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The Woodmen’s Circle Home was built by the Woodmen's Insurance Company in the mid-1920s to serve as an orphanage and a “dormitory for widowed women.” Dora Alexander Talley, one of its founding members, was the driving force behind the building of the Woodmen's Circle Home. The building was home to 100 children and 165 women until its closing in the 1960s. Woodmen's Circle Home continues to draw the attention of tourists because of its rich history of housing women and children in their time of need.


  • The original beneficiary certificate.
  • A photo of the building from its start in the early 1900s.
  • Front view of the building.

The Woodmen’s Circle Home was built by the Woodmen's Insurance Company in the mid-1920s to serve as an orphanage and a “dormitory for widowed women.”1 Dora Alexander Talley, one of its founding members, was the driving force behind the building of the Woodmen's Circle Home. It was known for being the first company to offer life insurance for women and provide a home for them in their time of need. The building was home to 100 children and 165 women until its closing in the 1960s.  Despite it being abandoned for decades and falling into disrepair, the Woodmen’s Circle Home is still an important Sherman landmark.

A little history about the building is that in 1927 the Supreme Woodmen's Circle acquired land in Sherman, guided by early president Dora Alexander Talley. The administration building was dedicated, and the home was opened with a handful of young residents, including Lee & Edith Carmichael and Edwin, Sadie, Robert & Lillian Puliam in 1930. By 1935, there were 50 children living there, but soon fell to 4 in 1948 and only 8 more children were taken in from 1948 onward. By 1965, only two children, Brandon and Sharon Moe, remained at the home. The founding organization merged into the Woodmen of the World insurance company. 2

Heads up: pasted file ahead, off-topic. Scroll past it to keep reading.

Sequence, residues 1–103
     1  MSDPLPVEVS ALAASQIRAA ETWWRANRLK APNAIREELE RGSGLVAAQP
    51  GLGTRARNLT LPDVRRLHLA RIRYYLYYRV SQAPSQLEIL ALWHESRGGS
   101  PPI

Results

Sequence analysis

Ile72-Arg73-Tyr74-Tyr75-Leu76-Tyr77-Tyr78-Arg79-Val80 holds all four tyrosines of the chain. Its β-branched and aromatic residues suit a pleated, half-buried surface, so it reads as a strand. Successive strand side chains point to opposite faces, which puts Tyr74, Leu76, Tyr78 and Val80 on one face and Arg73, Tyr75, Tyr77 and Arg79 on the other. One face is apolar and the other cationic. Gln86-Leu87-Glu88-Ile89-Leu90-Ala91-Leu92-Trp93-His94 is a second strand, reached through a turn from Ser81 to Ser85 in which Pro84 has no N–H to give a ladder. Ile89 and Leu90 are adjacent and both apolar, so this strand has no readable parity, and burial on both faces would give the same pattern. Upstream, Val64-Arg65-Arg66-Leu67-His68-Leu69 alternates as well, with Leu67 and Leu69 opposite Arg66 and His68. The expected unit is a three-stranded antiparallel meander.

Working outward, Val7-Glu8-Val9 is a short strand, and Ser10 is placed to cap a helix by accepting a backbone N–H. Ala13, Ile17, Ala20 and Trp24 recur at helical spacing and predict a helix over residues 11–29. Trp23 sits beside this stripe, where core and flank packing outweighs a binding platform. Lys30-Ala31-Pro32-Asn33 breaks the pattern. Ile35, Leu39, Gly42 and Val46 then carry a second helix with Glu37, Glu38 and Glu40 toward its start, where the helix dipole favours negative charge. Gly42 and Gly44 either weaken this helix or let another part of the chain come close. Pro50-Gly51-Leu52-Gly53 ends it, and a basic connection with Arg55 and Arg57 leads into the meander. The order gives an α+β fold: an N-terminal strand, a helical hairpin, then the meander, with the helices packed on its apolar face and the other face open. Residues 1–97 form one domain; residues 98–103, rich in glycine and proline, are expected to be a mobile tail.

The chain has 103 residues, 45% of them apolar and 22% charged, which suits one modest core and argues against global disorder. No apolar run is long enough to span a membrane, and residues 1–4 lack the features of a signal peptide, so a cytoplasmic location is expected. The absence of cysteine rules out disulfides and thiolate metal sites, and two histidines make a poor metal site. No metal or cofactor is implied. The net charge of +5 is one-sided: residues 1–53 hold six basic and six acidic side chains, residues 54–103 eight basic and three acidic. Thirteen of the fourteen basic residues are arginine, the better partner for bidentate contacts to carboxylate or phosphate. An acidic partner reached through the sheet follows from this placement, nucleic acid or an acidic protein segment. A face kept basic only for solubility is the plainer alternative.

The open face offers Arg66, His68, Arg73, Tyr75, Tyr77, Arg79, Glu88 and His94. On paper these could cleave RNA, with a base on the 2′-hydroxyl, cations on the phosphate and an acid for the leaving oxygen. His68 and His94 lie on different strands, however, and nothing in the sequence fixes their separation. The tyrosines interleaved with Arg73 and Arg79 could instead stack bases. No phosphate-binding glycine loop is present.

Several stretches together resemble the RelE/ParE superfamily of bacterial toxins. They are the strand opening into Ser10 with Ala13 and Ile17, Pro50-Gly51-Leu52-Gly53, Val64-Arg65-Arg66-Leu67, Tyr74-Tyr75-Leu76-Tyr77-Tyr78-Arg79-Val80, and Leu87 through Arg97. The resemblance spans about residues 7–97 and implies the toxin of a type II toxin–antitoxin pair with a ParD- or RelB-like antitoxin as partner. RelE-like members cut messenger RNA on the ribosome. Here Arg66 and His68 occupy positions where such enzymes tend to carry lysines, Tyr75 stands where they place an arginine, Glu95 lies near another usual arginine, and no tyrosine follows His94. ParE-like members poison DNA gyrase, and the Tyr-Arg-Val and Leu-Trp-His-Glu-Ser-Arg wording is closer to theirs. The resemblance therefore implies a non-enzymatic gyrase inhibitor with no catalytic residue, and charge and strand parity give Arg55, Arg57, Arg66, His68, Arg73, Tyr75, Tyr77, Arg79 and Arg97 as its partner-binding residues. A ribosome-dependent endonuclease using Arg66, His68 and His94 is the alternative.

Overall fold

Those who operated the Woodmen Circle Home during its opening made sure that the children and women who lived there had everything they needed: food, clothing, an education and recreation. The women cared for the children of the orphanage like they were their own. According to Lynette George Herald Democrat, the women provided a positive atmosphere around the orphanage and its inhabitants and, "in return, all [children] had chores such as helping in the garden, with the animals, keeping the grounds and home immaculate.”3

The building has undergone many changes in ownership throughout the years, as it was leased by Dr. Ariel Sherman and New Life Tabernacle in 1977. It has has suffered many disfigurements overtime as a series of fires on the property cause many of the wood supports for roofs and upper floors to deteriorate. The remaining property was purchased by the current owners, David and Debbie McNees of the Resolution Trust Corporation in 1990. The building continues to draw the attention of tourists because of its rich history of housing women and children in their time of need.







1 Hostetter, Alaena. "A Hauntingly Beautiful Abandoned Orphanage Becomes the Set of a Music Video." Dallas Observer. Last modified January 27, 2017. https://www.dallasobserver.com/music/a-hauntingly-beautiful-abandoned-orphanage-becomes-the-set-of-a-music-video-9118890.

2 Vollrath, Lisa. "The Woodmen's Circle Home in Sherman, Texas." Exemplore. Last modified September 18, 2010. https://exemplore.com/paranormal/woodmens-circle-home.

3 Lynette George Herald Democrat. "Woodmen Circle Home Still Draws Interest." Herald Democrat. Accessed November 24, 2018. https://www.heralddemocrat.com/lifestyle/20170204/woodmen-circle-home-still-draws-interest.

Pictures:

"R/urbanexploration - Abandoned Home for Elderly Women and Orphanage. Woodmen Circle Home. Sherman, Tx." Reddit. Accessed December 5, 2018. https://www.reddit.com/r/urbanexploration/comments/7l6z18/abandoned_home_for_elderly_women_and_orphanage/.

"Grayson County TXGenWeb." Welcome to Our Site. Accessed December 5, 2018. http://usgenwebsites.org/TXGrayson/ANewLand/Places/WoodmenCircleHome/WoodmenCircleHome.html.